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A review of traditional and contemporary assays for direct and indirect detection of Equid herpesvirus 1 in clinical samples.

Authors
  • Balasuriya, Udeni B R1
  • Crossley, Beate M2
  • Timoney, Peter J2
  • 1 Maxwell H. Gluck Equine Research Center, Department of Veterinary Science, University of Kentucky, Lexington, KY (Balasuriya, Timoney)California Animal Health and Food Safety Laboratory, School of Veterinary Medicine, University of California, Davis, CA (Crossley) [email protected]
  • 2 Maxwell H. Gluck Equine Research Center, Department of Veterinary Science, University of Kentucky, Lexington, KY (Balasuriya, Timoney)California Animal Health and Food Safety Laboratory, School of Veterinary Medicine, University of California, Davis, CA (Crossley).
Type
Published Article
Journal
Journal of veterinary diagnostic investigation : official publication of the American Association of Veterinary Laboratory Diagnosticians, Inc
Publication Date
Nov 01, 2015
Volume
27
Issue
6
Pages
673–687
Identifiers
DOI: 10.1177/1040638715605558
PMID: 26472746
Source
Medline
Keywords
License
Unknown

Abstract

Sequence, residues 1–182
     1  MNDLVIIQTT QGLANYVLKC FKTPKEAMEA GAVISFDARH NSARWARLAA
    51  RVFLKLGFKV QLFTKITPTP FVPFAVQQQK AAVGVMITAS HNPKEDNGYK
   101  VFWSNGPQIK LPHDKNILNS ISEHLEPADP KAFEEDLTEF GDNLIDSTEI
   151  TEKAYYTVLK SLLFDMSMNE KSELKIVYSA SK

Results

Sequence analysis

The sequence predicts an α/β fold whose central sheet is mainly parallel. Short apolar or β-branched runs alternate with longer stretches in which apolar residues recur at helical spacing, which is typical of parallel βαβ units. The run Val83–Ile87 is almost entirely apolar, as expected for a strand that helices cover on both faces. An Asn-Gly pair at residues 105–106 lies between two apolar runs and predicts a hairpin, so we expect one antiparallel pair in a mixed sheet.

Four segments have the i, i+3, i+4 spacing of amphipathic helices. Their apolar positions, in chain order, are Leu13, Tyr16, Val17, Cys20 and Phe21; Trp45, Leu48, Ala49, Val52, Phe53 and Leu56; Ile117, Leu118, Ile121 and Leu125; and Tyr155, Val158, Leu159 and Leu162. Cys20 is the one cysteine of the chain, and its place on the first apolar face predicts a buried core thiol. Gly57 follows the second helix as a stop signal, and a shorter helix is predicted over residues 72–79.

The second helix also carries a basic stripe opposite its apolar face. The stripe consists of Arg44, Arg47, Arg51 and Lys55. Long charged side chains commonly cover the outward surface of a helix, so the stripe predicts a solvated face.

Equid herpesvirus 1 (EHV-1) is one of the most economically important equine viral pathogens. Its clinical manifestations in horses vary from acute upper respiratory tract disease, abortion, or neonatal death, to neurological disease termed equine herpesviral myeloencephalopathy, which may lead to paralysis and a fatal outcome. Successful identification of EHV-1 infection in horses depends on a variety of factors such as suitable case selection with emphasis on timing of sample collection, selection of appropriate sample(s) based on the clinical manifestations, application of relevant diagnostic technique(s) and/or test(s), and careful evaluation and interpretation of laboratory results. Several traditional serologic and virus isolation assays have been described; however, these assays have inherent limitations that prevent rapid and reliable detection of EHV-1. The advent of molecular biologic techniques has revolutionized the diagnosis of infectious diseases in humans and animal species. Specifically, polymerase chain reaction (PCR)-based assays have allowed detection of nucleic acid in clinical specimens precisely and rapidly as compared to the traditional methods that detect the agent or antigen, or agent-specific antibodies in serum. The new molecular methods, especially real-time PCR, can be a very useful means of EHV-1 detection and identification. Veterinarians involved in equine practice must be aware of the advantages and disadvantages of various real-time PCR assays, interpretation of viral genetic marker(s), and latency in order to provide the best standard of care for their equine patients.

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